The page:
Her cheek stinging, Lorelai lowered her eyes. Mortimer would take it as a sign of submission, but she only did it to hide her anger. She’d learned by now to take care around him in times of high stress, or excitement. It had been her folly to forget … because she knew exactly what he was capable of. The pinch of her patient’s strong grip was nothing next to what she’d experienced at the hands of her brother on any given month.
Ignoring the aching throb in her foot, Lorelai dismissed Mortimer, leaning down instead to stroke a dripping lock of midnight hair away from an eye so swollen, he’d not have been able to open it were he awake.
Across from her, Mortimer leaned in, as well, ostensibly studying the man on the floor with equal parts intrigue and disgust. “Wonder what happened to the sod. I haven’t seen a beating like this in all my years.”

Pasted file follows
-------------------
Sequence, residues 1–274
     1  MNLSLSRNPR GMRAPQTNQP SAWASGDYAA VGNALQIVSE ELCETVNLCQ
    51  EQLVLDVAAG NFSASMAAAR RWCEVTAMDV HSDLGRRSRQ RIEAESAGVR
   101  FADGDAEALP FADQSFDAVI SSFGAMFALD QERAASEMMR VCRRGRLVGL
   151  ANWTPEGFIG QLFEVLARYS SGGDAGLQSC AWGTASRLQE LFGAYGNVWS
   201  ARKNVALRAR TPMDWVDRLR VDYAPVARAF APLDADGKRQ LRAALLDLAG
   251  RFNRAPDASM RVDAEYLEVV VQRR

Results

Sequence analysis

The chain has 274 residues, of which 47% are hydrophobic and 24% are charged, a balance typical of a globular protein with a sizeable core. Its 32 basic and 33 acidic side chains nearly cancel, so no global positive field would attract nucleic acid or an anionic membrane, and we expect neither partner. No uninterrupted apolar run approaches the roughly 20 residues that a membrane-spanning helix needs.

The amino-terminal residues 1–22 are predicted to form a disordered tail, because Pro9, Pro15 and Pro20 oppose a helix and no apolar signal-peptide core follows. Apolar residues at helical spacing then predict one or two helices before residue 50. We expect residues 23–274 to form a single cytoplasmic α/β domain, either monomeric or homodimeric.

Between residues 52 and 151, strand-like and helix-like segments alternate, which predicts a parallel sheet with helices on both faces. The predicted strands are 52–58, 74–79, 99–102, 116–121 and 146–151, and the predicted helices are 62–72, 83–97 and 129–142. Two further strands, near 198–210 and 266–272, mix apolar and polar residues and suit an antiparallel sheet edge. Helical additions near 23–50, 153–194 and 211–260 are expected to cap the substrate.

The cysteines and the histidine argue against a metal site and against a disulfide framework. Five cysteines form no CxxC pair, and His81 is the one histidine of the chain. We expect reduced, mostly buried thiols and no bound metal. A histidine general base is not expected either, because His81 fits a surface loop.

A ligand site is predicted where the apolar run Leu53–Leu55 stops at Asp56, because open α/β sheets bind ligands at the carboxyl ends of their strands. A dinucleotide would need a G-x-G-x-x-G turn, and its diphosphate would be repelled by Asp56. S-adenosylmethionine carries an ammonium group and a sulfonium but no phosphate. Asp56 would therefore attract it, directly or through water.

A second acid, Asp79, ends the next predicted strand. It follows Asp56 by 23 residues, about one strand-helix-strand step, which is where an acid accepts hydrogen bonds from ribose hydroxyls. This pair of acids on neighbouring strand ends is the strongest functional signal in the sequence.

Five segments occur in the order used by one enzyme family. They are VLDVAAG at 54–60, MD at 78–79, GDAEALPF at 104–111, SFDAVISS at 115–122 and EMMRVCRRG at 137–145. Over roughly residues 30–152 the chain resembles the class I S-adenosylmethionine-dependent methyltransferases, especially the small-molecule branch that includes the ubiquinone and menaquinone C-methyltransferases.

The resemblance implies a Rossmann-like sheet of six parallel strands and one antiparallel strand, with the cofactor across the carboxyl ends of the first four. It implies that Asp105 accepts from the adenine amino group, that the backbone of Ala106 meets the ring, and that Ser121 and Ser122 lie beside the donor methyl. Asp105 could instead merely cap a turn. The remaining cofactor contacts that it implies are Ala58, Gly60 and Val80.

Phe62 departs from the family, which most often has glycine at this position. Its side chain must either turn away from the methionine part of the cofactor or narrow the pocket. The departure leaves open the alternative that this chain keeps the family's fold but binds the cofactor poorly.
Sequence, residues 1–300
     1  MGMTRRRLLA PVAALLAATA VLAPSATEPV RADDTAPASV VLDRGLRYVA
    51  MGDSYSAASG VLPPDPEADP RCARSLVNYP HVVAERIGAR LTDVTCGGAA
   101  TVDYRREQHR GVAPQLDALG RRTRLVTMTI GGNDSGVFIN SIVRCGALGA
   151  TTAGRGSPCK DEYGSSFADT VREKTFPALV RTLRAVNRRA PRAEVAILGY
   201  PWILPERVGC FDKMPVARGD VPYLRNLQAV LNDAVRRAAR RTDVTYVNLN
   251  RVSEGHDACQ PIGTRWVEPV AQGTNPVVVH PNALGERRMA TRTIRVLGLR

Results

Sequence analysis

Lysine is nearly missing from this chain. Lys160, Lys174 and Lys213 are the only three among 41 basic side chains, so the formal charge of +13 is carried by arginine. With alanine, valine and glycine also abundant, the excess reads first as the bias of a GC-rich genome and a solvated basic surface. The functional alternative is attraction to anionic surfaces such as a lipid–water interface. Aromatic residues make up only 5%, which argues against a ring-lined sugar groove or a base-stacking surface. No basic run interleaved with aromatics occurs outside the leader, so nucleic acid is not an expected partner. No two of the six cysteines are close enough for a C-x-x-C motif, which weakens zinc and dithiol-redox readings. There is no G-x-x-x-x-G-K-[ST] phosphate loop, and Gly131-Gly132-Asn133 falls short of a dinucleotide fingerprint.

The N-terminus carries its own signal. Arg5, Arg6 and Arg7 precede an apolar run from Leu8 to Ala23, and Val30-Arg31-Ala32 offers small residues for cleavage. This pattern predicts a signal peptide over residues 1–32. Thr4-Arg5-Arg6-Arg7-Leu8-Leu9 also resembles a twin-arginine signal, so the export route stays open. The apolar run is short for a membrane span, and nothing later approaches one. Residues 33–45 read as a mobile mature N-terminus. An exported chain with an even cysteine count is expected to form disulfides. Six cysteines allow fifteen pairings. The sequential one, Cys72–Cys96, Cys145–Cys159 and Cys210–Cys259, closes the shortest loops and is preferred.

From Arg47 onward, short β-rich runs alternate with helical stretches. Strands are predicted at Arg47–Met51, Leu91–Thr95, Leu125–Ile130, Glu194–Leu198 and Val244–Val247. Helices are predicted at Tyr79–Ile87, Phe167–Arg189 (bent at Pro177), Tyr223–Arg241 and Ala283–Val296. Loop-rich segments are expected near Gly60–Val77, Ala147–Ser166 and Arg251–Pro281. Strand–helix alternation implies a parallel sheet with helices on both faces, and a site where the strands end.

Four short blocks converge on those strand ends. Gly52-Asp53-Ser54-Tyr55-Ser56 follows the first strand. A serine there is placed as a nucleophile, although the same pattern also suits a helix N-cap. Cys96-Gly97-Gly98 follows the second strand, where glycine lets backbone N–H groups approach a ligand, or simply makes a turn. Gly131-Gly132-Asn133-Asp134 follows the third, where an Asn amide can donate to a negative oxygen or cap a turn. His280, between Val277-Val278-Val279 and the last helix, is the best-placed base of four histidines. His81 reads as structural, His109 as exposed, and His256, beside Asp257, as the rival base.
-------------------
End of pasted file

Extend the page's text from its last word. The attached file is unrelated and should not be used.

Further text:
Lorelai schooled a level expression from her face at the reference to his many perceived years. He was all of twenty, and the only violence he witnessed outside of sport, he perpetrated himself.
“Brigands, you suspect?” Sir Robert fretted from beside her, checking the gathering darkness for villains.
“Entirely possible,” Mortimer said flippantly. “Or maybe he is one. We are disturbingly close to Gallows Corner.”
“Mortimer,” their father wheezed. “Tell me you haven’t pulled a criminal into my coach. What would people say?”
The Weatherstoke crest bore the motto Fortunam maris, “fortune from the sea,” but if anyone had asked Lorelai what it was, she’d have replied, Quid dicam homines? “What would people say?”
It had been her father’s favorite invocation—and his greatest fear—for as long as she could remember.